What would you do if no one came to pick up your trash? Or your neighbors' trash? What if no one picked up the trash anywhere in your entire community?
Would you let it pile up? At first it would look like this street in Manhattan. The pile would get bigger, and start to smell really bad. Animals would get into it, making a bigger mess. What are you going to do with it?
It's something we're facing as a nation, since countries like China, Thailand, Vietnam and Malaysia will no longer be accepting waste imports from the U.S., which for years sent nearly 4,000 shipping containers full of recyclables to China every day, according to USA Today, and most of what Americans conscientiously put in their recycling bins wasn't even recycled because it was contaminated (things like food and shampoo prevent plastic waste from being recycled.)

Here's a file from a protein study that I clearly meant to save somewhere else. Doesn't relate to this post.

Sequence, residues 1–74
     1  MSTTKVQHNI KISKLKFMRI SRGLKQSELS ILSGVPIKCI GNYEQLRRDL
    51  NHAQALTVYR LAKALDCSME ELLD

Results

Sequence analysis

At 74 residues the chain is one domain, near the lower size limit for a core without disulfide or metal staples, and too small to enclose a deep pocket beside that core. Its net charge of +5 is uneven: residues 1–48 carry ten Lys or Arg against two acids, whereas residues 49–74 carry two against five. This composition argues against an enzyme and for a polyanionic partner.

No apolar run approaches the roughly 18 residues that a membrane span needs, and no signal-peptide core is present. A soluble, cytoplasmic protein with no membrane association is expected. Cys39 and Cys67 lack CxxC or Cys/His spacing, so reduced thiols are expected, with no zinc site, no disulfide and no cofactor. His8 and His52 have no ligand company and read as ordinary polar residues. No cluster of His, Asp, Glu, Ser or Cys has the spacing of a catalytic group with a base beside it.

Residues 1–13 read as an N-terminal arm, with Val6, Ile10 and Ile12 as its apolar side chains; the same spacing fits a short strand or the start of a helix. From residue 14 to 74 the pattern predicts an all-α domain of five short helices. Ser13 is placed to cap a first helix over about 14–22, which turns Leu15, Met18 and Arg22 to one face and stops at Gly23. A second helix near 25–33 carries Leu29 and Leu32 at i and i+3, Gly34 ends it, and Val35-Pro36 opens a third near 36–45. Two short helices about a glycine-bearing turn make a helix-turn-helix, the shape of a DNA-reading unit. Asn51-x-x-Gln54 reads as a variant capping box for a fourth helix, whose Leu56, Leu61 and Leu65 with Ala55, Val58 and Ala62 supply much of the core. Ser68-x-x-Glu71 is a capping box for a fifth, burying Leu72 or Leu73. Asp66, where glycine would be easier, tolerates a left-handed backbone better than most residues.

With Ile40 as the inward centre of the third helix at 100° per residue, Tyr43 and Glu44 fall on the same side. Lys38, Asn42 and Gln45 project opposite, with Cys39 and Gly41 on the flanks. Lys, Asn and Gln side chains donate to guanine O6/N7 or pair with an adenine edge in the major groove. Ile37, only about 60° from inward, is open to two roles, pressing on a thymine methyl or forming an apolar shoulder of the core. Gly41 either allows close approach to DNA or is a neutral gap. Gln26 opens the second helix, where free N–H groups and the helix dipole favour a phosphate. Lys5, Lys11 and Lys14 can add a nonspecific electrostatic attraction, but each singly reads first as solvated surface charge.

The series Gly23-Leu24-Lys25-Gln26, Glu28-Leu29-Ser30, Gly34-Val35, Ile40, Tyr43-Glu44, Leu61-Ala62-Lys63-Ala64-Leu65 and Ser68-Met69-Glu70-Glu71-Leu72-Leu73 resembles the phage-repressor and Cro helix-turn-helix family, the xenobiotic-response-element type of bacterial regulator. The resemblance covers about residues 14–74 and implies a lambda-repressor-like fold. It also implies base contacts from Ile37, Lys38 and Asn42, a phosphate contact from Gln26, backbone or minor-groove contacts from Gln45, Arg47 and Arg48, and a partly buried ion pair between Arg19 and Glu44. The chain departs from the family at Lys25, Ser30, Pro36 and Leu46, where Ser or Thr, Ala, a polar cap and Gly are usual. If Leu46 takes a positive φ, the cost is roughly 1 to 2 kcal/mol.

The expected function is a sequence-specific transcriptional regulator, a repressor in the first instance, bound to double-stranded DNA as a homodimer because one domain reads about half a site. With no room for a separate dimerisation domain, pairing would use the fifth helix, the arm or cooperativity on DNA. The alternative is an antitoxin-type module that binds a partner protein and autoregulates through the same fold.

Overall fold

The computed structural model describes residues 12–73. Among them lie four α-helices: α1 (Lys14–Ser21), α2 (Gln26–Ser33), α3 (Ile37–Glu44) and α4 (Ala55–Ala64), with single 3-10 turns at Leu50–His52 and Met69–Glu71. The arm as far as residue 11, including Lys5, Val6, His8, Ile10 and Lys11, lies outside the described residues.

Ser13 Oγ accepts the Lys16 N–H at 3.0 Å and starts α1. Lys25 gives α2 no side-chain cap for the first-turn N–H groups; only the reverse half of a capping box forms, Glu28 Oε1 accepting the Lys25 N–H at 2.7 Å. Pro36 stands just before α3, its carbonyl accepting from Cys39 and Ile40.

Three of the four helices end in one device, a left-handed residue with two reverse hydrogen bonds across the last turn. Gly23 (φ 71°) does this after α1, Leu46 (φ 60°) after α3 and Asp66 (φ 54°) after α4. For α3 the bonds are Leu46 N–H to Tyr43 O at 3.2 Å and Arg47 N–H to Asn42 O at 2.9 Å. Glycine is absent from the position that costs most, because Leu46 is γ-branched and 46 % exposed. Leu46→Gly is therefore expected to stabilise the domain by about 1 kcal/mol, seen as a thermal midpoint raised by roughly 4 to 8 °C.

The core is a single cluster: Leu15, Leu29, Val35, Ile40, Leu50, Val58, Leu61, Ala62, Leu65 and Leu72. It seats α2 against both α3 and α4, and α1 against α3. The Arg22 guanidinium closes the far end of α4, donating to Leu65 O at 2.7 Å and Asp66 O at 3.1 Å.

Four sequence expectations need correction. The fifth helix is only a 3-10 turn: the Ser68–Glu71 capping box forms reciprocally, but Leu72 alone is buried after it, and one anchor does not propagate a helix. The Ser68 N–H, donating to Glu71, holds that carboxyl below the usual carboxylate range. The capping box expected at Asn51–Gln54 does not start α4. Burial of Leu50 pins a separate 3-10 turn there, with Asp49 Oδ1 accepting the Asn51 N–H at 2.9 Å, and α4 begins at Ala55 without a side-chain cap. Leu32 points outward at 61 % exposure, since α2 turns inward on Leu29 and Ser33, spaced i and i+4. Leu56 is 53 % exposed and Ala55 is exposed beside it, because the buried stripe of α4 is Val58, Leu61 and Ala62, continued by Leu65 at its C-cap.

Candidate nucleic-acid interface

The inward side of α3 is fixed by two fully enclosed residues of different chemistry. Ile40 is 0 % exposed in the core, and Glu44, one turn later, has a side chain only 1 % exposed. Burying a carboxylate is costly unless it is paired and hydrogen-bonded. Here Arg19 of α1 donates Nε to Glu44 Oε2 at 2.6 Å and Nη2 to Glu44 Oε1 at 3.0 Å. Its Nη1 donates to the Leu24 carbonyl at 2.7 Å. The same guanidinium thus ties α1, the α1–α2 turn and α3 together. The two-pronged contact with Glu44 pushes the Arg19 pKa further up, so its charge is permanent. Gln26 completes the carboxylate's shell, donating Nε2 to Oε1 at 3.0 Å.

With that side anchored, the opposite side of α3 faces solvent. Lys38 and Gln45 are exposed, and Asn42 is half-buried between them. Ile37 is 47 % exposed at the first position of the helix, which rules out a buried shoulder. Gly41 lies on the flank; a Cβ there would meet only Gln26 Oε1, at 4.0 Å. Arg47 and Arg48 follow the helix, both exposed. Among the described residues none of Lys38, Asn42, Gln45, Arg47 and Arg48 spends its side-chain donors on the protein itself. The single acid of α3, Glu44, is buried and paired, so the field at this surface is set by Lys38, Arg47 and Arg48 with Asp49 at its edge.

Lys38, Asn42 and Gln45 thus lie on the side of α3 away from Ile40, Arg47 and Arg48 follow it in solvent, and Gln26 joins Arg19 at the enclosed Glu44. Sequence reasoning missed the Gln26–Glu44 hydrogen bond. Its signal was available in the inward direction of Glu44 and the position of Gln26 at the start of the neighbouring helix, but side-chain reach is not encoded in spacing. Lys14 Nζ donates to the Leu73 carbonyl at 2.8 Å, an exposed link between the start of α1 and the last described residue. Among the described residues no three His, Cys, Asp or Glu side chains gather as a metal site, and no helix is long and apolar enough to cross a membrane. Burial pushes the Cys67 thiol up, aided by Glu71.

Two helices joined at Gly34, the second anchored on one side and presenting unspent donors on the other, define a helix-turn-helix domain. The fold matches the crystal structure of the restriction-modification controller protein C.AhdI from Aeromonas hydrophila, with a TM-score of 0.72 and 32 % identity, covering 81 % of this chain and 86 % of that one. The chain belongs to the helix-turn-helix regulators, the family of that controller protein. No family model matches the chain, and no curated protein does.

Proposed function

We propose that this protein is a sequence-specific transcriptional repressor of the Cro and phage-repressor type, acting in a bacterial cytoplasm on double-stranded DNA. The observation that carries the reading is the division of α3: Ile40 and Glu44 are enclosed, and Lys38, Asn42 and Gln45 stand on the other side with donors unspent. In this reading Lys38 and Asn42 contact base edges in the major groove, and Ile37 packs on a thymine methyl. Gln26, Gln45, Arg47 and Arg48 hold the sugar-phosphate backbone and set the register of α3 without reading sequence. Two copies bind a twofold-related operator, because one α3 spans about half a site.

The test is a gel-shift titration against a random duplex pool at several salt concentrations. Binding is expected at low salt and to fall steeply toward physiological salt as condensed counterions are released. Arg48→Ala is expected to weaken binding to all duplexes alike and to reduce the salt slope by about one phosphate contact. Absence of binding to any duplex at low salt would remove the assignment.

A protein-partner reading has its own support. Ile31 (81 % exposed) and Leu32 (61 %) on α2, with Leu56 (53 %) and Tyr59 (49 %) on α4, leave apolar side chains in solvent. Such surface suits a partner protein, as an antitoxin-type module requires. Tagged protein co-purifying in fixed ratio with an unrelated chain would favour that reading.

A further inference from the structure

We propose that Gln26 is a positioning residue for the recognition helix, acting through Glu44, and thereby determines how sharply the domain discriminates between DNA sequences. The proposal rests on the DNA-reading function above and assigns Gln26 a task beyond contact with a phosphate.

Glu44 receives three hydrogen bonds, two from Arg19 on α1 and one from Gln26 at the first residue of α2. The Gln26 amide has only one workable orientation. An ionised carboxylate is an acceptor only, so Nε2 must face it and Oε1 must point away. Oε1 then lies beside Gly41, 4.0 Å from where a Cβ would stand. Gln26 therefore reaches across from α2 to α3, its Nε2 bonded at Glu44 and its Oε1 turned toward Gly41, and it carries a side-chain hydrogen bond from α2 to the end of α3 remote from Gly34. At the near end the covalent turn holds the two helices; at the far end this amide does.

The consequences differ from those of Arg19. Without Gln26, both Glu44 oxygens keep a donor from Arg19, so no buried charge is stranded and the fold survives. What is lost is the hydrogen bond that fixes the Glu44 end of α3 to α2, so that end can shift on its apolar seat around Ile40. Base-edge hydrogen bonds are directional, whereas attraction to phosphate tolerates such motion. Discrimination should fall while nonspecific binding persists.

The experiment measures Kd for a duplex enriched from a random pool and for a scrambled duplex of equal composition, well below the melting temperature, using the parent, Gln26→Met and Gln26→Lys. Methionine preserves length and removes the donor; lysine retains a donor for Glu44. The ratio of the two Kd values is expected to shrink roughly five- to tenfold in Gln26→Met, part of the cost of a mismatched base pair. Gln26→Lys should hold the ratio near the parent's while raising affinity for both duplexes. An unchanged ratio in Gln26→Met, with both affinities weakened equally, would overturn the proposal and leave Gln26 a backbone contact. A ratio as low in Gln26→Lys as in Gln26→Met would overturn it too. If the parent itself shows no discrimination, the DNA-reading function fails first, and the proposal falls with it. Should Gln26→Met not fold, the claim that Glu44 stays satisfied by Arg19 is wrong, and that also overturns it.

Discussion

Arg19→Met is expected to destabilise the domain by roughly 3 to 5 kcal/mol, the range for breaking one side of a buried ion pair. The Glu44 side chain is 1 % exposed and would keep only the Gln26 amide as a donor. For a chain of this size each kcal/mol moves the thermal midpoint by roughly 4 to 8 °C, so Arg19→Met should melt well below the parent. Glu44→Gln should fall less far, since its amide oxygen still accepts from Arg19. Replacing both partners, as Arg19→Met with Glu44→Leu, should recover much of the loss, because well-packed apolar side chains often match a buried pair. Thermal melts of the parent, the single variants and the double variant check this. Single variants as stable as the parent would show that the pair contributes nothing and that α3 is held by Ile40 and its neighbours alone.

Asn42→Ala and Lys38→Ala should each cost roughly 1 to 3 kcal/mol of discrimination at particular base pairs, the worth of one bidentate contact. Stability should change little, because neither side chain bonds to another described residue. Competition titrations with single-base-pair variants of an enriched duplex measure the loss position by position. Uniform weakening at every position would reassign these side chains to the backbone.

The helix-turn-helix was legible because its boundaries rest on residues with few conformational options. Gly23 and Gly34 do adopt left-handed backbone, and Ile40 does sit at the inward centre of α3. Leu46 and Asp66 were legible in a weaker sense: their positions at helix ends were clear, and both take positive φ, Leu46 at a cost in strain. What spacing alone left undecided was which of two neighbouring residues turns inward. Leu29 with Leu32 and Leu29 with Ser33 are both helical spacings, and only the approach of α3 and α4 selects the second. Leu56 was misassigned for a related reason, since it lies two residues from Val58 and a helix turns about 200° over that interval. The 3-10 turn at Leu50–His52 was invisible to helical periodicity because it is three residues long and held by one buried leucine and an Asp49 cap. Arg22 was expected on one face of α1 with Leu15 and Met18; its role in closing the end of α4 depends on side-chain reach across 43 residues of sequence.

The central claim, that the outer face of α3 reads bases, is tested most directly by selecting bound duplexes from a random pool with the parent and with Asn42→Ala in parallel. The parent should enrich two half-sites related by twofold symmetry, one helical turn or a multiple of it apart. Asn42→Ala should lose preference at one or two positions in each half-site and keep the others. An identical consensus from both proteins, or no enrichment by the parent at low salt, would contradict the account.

In municipalities around the U.S., the recyclables are starting to pile up, with some facilities so overrun that they have stopped sorting through it, and are sending it to the landfill instead.
Reducing consumption and waste is the first step to solving the problem. In 2015, Americans generated 262.4 million tons of trash. More than half, 137.7 million tons, ended up in landfills, according to the Environmental Protection Agency.
So what is all this trash we are throwing away? Based on data on municipal solid waste from the EPA, and the data crunchers at title lender TitleMax, this is all the trash one American produces in one year.